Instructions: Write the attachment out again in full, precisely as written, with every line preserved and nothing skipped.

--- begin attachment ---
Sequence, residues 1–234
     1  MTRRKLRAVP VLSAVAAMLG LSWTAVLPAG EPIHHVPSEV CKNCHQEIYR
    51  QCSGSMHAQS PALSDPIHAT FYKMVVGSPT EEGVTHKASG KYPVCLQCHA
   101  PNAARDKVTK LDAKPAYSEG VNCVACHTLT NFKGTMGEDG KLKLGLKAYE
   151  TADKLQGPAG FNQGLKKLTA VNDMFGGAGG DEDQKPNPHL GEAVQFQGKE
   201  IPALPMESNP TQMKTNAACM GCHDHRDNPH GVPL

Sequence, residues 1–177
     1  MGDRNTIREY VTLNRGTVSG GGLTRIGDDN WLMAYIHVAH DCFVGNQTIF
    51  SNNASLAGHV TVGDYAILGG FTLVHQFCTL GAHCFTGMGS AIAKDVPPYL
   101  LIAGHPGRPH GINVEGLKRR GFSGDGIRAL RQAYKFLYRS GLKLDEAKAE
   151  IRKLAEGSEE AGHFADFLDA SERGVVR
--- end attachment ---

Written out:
Sequence, residues 1–234
     1  MTRRKLRAVP VLSAVAAMLG LSWTAVLPAG EPIHHVPSEV CKNCHQEIYR
    51  QCSGSMHAQS PALSDPIHAT FYKMVVGSPT EEGVTHKASG KYPVCLQCHA
   101  PNAARDKVTK LDAKPAYSEG VNCVACHTLT NFKGTMGEDG KLKLGLKAYE
   151  TADKLQGPAG FNQGLKKLTA VNDMFGGAGG DEDQKPNPHL GEAVQFQGKE
   201  IPALPMESNP TQMKTNAACM GCHDHRDNPH GVPL

Sequence, residues 1–177
     1  MGDRNTIREY VTLNRGTVSG GGLTRIGDDN WLMAYIHVAH DCFVGNQTIF
    51  SNNASLAGHV TVGDYAILGG FTLVHQFCTL GAHCFTGMGS AIAKDVPPYL
   101  LIAGHPGRPH GINVEGLKRR GFSGDGIRAL RQAYKFLYRS GLKLDEAKAE
   151  IRKLAEGSEE AGHFADFLDA SERGVVR